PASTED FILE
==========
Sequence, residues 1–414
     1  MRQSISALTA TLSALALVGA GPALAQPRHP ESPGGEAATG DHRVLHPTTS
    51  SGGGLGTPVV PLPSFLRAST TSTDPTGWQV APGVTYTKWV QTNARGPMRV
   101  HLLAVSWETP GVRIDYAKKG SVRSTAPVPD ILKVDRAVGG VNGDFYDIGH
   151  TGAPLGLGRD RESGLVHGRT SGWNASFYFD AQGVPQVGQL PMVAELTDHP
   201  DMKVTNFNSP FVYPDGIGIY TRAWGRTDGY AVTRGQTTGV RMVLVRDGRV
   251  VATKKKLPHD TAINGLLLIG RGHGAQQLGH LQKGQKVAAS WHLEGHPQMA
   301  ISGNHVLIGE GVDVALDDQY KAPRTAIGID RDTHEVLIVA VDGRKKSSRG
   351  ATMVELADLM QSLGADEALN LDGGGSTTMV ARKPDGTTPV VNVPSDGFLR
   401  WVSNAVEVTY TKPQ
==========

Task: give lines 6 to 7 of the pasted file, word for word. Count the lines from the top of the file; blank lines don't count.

   201  DMKVTNFNSP FVYPDGIGIY TRAWGRTDGY AVTRGQTTGV RMVLVRDGRV
   251  VATKKKLPHD TAINGLLLIG RGHGAQQLGH LQKGQKVAAS WHLEGHPQMA